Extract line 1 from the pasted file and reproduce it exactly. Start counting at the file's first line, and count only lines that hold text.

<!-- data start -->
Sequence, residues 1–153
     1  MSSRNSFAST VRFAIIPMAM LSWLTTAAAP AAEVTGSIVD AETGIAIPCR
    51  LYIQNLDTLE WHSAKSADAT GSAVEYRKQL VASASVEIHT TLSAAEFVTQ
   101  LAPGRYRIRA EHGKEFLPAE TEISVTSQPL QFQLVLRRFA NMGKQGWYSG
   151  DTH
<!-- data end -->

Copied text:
Sequence, residues 1–153